Even with a EMP blast.

Another way to look at it. If you are skilled like I am. You can pick up this modern gear/cars/trucks/fridges/etc...., cheap used. Because no one else has the skills to repair these things like I do. Believe it or not. Input boards>controller boards>output boards. Can be bypassed by hard wire if you know how to read schematics and have a solder gun. Retrograde them so to speak. Depends on size and build of gear though.

Uneducated ,considered ignorant, 3rd world hard working peasants, < I'm close/not far from being just that >, have taught me a thing or two about living in today’s modern world < bic lighter disposable tech> . Probably why I admire them so much.
 
Old 10-15-2017, 10:08 AM   #19
Turbocapitalist
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Here's a somewhat recent example for one brand of car locks.

https://www.youtube.com/watch?v=ewMZCxi8l8A

He does not go into detail, but does give enough information that you could do it yourself with a little experimenting. The car companies are not even trying to protect the cars they sell.
 
Old 10-15-2017, 05:59 PM   #20
Philip Lacroix
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Quote:
Originally Posted by rokytnji View Post
I kinda look at these weak features with hacks to bypass them as a mechanic would. (...)
I don't mind getting my hands dirty and trying to get things fixed, as long as my skills are adequate for the task. Unfortunately the increasing complexity and miniaturization of many devices are often limiting the ability to do that without special equipment and knowledge. Desktop and laptop computers are still moderately accessible (as long as they have screws and not rivets, like one well-known, locked-down brand) and one can still do useful things with simple tools like a screw driver or a hand solder. I wonder if "features" like the one described by Hazel in the OP could be safely "disabled" (as in "unwired"), provided that a mechanical key is still available, without causing some inconvenience, like preventing the owner to lock or unlock the car.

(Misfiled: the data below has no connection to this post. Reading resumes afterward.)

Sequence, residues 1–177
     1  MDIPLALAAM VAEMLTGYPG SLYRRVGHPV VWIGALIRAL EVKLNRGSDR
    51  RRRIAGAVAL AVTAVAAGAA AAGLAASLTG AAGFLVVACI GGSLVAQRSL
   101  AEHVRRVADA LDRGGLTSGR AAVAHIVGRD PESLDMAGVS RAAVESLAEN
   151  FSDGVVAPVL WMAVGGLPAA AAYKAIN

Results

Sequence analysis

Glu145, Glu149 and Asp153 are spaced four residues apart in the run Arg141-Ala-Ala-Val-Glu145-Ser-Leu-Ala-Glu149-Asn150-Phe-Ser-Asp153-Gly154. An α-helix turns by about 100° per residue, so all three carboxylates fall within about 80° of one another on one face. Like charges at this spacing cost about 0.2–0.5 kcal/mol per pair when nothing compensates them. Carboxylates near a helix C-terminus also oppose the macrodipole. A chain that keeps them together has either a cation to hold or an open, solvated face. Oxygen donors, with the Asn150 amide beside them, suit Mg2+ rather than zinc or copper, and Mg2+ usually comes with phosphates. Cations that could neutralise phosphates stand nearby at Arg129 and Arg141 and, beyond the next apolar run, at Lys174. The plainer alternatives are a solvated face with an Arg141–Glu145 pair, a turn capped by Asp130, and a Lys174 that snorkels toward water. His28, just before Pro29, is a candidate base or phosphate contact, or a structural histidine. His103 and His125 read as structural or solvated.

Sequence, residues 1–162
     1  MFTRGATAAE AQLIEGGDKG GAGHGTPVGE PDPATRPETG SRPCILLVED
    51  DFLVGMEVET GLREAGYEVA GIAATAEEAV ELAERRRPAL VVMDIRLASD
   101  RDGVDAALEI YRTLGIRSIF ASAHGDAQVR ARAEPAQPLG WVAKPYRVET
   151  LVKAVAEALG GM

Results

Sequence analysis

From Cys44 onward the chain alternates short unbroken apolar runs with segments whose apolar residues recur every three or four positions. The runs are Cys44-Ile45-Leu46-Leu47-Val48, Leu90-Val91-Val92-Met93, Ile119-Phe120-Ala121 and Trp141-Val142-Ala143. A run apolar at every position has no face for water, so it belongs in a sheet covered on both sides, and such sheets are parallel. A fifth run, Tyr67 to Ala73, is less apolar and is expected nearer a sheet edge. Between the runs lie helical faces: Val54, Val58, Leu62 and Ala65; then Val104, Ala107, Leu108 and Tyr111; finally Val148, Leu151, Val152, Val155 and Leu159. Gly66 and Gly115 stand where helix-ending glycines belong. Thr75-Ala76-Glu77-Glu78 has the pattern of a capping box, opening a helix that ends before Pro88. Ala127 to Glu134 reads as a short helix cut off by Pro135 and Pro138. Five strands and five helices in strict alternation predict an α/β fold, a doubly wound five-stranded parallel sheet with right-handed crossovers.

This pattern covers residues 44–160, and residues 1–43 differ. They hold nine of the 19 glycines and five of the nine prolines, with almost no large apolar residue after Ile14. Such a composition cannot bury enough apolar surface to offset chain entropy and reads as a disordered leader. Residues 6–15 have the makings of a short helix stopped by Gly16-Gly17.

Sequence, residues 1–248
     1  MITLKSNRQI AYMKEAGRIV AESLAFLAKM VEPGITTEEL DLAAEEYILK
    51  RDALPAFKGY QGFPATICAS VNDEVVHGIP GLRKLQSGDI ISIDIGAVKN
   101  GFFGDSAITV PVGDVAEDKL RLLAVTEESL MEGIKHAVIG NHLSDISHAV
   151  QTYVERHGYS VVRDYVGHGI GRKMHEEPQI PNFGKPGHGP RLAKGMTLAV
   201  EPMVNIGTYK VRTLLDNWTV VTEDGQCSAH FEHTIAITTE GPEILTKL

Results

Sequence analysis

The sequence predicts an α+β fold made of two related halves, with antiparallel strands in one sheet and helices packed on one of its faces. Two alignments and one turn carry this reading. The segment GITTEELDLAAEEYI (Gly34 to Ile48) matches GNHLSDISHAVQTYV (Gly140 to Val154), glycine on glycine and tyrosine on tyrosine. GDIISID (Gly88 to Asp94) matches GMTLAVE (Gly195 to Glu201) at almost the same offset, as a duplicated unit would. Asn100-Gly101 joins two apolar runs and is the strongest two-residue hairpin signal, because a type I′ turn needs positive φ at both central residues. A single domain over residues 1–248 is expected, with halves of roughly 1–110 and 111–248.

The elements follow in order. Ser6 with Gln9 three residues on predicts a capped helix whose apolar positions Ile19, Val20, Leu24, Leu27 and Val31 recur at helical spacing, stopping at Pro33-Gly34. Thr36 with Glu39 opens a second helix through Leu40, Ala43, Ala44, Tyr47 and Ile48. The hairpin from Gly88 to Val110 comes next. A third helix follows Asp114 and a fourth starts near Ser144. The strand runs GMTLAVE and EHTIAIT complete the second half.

Quote:
Uneducated ,considered ignorant, 3rd world hard working peasants, < I'm close/not far from being just that >, have taught me a thing or two about living in today's modern world < bic lighter disposable tech> . Probably why I admire them so much.
Unfortunately a higher formal education doesn't imply intelligence, clearness of thought, wisdom, respect, open-mindedness, or the ability to solve problems outside of one's area of expertise. It doesn't even imply that the brain is ever being used outside of one's conventional working time.

I know a few people who have a degree but are lost when something trivial breaks in their home, have the worst prejudices about other people, different cultures or anything they don't know, as if they had never received any decent education but had formed their own world view by watching some chauvinist and fearmongering news channel. On the other hand, somehow the other extreme, I also know a few people who don't have any higher degree, or any at all, but do have a genuine, active intelligence, open-mindedness, and a deeper understanding of some of the so-called "great questions", while being able to "hack the world" successfully and, overall, being great fellows to talk with.